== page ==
Scratching in rabbits | Causes and symptoms

Rabbits are quite fastidious creatures. They love to groom and will have the odd scratch. It is important to know what is normal for your rabbit, so you are able to spot potential problems quickly. Scratching more than normal, overgrooming, dandruff, or fur loss may be signs of a parasite infestation. Mites and fleas are the most common parasites affecting rabbits.

PEXELS | Waqed Walid

why do rabbits itch and scratch?

Scratching in rabbits is also known as pruritus. This is a condition that often results in intense chewing, itching, licking, rubbing, and scratching. It frequently causes inflamed and sore areas on the skin. Various issues from mites to allergies can cause a rabbit to itch and scratch, but fortunately, these are treatable.

fur mites

The fur mite, Cheyletiella, is often called ‘walking dandruff’. They measure 0.5mm so may be visible with the naked eye, but are made more obvious because, as they move on the skin surface, they carry dead skin with them, making the dandruff appear to walk. Other signs include scabs, clumps of hair loss and itching.

They are transmitted from other rabbits or via infested bedding but it’s also quite normal for rabbits to carry a few mites. Individuals vary in their response to mites and it’s when numbers get out of control that signs show. This can occur without an underlying reason, but is frequently linked to obesity, arthritis, or dental disease.

ear mites (psoroptes cuniculi)

Ear mites can cause rabbits to scratch their ears intensely, causing hair loss around the ears and head, and thick painful crusts within the ear. The thick crusts may lead to ear infections, causing more pain and signs such as head tilt. 


Rabbits can get fleas, like fur mites, which are blood-sucking parasites that bite rabbits, which, in turn, causes them to itch and scratch.

The fleas do not stay on the body long. They jump on to bite and feed, then jump off again laying eggs in the environment, only going back to the host when they need another blood meal. Other pets such as cats and dogs in the household can give your rabbit fleas and they can be tracked in from the outdoors. Fleas can also find their own way into homes just like other insects, such as ants.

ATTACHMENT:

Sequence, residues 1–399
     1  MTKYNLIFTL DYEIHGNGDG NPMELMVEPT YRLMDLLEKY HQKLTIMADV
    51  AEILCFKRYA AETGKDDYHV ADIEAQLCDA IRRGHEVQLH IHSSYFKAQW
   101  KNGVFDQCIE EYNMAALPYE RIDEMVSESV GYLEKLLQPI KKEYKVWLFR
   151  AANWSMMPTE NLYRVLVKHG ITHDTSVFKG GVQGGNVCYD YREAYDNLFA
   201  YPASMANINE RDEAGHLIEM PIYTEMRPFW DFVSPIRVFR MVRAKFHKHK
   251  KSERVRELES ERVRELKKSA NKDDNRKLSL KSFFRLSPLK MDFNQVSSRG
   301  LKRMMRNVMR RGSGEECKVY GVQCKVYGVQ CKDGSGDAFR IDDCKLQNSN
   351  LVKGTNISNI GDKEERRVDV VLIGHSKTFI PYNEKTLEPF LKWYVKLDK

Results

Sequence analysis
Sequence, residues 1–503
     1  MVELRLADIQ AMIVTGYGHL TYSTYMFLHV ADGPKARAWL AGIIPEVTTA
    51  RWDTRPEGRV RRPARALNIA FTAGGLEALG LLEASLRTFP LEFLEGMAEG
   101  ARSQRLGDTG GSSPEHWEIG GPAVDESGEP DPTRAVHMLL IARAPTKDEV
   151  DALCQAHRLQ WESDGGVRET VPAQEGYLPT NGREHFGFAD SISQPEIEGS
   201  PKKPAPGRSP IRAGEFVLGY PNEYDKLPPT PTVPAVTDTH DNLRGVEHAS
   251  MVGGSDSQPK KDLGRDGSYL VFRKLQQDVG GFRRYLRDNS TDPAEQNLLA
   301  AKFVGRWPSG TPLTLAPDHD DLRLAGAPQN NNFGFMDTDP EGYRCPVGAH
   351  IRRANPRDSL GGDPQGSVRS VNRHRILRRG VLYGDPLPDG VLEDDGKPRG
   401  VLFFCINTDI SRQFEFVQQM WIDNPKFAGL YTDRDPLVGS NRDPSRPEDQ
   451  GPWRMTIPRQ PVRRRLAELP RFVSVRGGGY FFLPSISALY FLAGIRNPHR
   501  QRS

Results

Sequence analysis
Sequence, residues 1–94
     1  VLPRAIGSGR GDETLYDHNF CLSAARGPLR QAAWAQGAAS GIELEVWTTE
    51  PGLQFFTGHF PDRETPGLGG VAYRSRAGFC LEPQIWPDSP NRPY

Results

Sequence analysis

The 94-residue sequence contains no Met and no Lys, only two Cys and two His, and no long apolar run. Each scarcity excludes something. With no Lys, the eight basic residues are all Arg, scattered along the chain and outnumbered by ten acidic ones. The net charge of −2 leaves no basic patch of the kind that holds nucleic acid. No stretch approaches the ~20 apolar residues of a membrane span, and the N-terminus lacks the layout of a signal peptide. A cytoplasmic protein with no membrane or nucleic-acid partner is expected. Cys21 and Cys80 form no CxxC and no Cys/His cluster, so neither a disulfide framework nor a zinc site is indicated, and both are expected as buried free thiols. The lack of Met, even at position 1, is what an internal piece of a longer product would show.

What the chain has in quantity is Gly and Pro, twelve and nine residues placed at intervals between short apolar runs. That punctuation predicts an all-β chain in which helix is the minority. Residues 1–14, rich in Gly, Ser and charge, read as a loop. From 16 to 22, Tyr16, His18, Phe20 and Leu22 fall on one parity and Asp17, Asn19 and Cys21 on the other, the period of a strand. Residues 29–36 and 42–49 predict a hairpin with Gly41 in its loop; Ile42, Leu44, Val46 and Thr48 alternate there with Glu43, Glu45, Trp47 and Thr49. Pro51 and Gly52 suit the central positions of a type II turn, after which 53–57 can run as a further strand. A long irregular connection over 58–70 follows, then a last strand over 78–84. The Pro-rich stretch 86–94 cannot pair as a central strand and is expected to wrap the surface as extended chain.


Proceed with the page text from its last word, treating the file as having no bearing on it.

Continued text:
PEXELS | Ron Lach


Lice are uncommon, seen usually in large colonies, young rabbits, or in ill and run-down rabbits. They may cause no signs at all, but may cause itching. They are visible with the naked eye so your vet can confirm the diagnosis and provide treatment, as well as look for any underlying issues.


Ringworm, which is a fungus, may also cause itching alongside hair loss. It’s rare in pet rabbits but can be seen in young rabbits, especially living in dirty environments. Ringworm can affect people so it’s important to handle infected rabbits with care.

The main cause of ringworm, mites and fleas, is direct contact with an infected rabbit. When you bring a new rabbit into your home, keep it separate from your other rabbits until you’re sure it doesn’t have an infection. Rabbits can also contract ringworm from dirty environments and brushes that were used on an infected rabbit.

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